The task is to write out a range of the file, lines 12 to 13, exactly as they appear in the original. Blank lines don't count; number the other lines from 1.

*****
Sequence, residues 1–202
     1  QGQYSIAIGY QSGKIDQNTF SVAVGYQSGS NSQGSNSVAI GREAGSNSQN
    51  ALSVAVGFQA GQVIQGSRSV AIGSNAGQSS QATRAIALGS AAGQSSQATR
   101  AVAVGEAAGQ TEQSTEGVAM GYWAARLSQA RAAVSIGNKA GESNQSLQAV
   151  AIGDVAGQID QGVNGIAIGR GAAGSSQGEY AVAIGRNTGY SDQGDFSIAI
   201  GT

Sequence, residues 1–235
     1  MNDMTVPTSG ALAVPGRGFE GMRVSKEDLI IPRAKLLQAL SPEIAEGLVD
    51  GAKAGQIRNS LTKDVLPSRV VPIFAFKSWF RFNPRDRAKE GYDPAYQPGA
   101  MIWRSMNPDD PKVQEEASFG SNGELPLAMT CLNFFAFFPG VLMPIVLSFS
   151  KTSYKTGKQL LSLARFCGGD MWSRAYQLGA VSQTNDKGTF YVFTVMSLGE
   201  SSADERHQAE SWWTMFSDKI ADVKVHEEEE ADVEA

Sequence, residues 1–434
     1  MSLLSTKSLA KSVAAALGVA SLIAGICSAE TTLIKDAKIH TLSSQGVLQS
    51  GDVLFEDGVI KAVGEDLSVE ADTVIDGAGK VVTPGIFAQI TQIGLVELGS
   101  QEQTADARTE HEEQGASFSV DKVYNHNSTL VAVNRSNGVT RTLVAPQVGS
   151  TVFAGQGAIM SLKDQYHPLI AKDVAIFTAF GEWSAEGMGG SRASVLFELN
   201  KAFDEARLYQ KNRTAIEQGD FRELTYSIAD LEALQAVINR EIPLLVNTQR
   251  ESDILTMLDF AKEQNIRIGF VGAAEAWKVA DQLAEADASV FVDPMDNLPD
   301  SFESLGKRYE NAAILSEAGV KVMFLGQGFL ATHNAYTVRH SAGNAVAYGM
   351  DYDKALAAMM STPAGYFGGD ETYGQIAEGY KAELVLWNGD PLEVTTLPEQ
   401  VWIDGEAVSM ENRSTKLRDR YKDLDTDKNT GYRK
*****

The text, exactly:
   201  SSADERHQAE SWWTMFSDKI ADVKVHEEEE ADVEA

Sequence, residues 1–434